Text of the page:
Cleaning Jewelry with Ammonia

Brighten up your gold and silver trinkets by soaking them for 10 minutes in a solution of 1/2 cup clear ammonia mixed in 1 cup warm water. Gently wipe clean with a soft cloth and let dry. Note: Do not do this with jewelry containing pearls, because it could dull or damage their delicate surface.
Cleaning Jewelry with Ammonia
Cleaning Jewelry with Ammonia


Know when to clean with ammonia. Ammonia is a powerful cleaner, but, chemically, it can be somewhat caustic. Avoid doing using ammonia to clean gold jewelry too often to prevent wear on your jewelry - ammonia is a good candidate for occasional (but not frequent) "deep cleans." Ammonia can damage certain materials often used in jewelry. Don't use ammonia when cleaning gold jewelry pieces that contain platinum or pearls.
  
 Add one part ammonia to six parts water. Stir gently to ensure an even mixture. Soak the jewelry in the mixture for no more than one minute. Don't let jewelry sit in the ammonia mixture for too long - as a strong base, ammonia can be slightly corrosive. To quickly remove all of the jewelry at once, use a kitchen strainer like you might use when cooking pasta. Either fish the jewelry out with a hand-held strainer or upend the bowl into a larger strainer in the sink.
 Rinse the jewelry thoroughly under running water. Plug or cover the drain of the sink to prevent losing any precious jewelry that slips out of your hand. Alternatively, simply use the strainer you used to get your jewelry out of the ammonia. Gently dry the jewelry with a soft polishing cloth. Allow jewelry to air dry on a towel completely before wearing it.

Cleaning Jewelry with Dish Soap

Cleaning Jewelry with Dish Soap
Cleaning Jewelry with Dish Soap


Put a few drops of liquid dish detergent in a bowl of warm (not hot) water. Mix gently. Though ordinary tap water will work fine, for even better results, you can use sodium-free seltzer water or club soda. The carbonation in these liquids can help loosen accumulated dirt and debris. Don't use hot or boiling water, especially if your jewelry contains fragile precious stones. Some precious stones, like opals, can crack if subjected to rapid and drastic temperature changes.

- Soak the gold jewelry in the solution. Allow the jewelry to sit in the water for about 15 minutes. As it soaks, warm soapy water will work its way into the cracks and crevices, loosening hard-to-reach buildups of dirt.

- Gently scrub the jewelry with a soft-bristle toothbrush. Scrub each piece of jewelry individually, paying special attention to nooks and crannies where dirt may be hidden. Use a very soft brush - the softer the better. Stiff bristles can scratch the surface of your jewelry. If your jewelry is gold-plated (as opposed to solid gold), especially stiff bristles can even remove the gold layer entirely! Special brushes designed for this purpose are best, but most small, soft brushes (like, for instance, eyebrow brushes) will also work.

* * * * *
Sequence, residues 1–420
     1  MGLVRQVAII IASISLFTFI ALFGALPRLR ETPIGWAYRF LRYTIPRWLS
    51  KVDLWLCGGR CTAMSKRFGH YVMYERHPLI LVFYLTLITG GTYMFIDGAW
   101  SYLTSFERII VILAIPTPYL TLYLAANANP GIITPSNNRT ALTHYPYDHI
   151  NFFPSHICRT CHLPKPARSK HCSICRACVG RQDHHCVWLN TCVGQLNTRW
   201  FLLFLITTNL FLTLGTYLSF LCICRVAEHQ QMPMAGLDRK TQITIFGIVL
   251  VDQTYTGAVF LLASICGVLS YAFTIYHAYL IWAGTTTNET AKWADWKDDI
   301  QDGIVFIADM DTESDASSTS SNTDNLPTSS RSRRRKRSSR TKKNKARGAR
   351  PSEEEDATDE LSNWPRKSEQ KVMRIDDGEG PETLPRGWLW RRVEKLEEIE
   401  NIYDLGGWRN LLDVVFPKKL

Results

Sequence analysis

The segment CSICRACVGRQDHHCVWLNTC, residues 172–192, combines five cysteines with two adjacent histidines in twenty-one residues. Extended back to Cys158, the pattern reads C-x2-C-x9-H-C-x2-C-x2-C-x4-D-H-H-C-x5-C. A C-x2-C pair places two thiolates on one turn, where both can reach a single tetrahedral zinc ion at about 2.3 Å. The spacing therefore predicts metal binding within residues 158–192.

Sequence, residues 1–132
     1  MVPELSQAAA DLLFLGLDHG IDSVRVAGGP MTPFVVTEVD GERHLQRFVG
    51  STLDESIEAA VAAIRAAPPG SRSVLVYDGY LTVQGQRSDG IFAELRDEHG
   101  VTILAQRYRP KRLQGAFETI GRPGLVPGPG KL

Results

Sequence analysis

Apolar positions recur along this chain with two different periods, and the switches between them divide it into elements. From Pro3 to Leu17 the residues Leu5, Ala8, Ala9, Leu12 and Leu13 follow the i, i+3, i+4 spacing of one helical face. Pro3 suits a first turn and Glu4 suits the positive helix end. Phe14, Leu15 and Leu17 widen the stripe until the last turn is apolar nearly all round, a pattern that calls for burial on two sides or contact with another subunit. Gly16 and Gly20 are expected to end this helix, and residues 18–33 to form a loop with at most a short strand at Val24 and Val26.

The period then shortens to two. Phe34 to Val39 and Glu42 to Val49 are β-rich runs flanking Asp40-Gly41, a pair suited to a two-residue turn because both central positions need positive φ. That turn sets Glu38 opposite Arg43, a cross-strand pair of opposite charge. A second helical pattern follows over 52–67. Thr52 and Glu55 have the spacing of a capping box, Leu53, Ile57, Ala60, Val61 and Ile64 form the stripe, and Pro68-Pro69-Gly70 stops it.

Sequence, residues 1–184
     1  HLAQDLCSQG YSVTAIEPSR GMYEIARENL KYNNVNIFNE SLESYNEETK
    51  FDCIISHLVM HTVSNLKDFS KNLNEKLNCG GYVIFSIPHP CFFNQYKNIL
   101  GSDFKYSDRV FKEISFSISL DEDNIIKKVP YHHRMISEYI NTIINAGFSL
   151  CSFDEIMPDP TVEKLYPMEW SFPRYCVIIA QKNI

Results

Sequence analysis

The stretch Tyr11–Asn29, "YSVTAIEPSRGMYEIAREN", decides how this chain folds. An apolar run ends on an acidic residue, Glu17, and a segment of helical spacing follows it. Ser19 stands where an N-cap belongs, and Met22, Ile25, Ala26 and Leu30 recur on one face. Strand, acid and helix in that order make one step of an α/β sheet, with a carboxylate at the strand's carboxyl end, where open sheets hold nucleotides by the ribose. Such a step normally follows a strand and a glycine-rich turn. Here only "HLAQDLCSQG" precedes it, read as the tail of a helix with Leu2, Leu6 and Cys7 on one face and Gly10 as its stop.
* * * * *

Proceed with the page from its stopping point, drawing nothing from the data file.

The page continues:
- Rinse each piece in warm running water. A good rinsing will help remove lingering dirt that's been loosened by the action of your brush. Again, make sure the water isn't hot , especially if your jewelry contains fragile stones. If you're rinsing your jewelry in a sink, plug or cover the drain so that you don't accidentally lose your jewelry if it slips out of your hands. Alternatively, rinse your jewelry in a pasta strainer or metal coffee filter.

- Blot dry with a soft cloth. Then, let the jewelry sit out on a towel to air dry completely before wearing it again. If your jewelry is still wet, wearing it can trap moisture against your skin, leading to minor skin irritation.

Cleaning Glued-In Gemstones Jewelry

You can Use window cleaner to spruce up jewelry that is all metal or has crystalline gemstones, such as diamonds or rubies. Spray on the cleaner, then use an old toothbrush for cleaning. But don’t do this if the piece has opaque stones such as opal or turquoise or organic gems such as coral or pearl. The ammonia and detergents in the cleaner can discolor these porous lovelies.
Cleaning Jewelry
Cleaning Jewelry with cloth


Know which types of jewelry should be kept dry. Pieces of jewelry with gemstones that are glued into their setting (like many earrings) should not be submerged in water. Warm water can loosen the glue, which can cause your gemstones to fall out, especially when subjected to a thorough brushing. For these types of jewelry, use a special cleaning method that avoids total submersion in water. Wipe the jewelry with a wet, soapy cloth. Make a small quantity of dish soap solution. Dip a soft, delicate towel in the solution and gently scrub your jewelry. "Rinse" the jewelry with a cloth dampened with plain water. Gently dab a wet cloth onto the jewelry, taking care to soak up any leftover soap suds. Lay or hang the pieces upside down after cleaning. Allow your jewelry to dry in this way. By letting your jewelry dry upside down, you allow any remaining moisture to drip out, ensuring it won't soak into the setting.
Cleaning Jewelry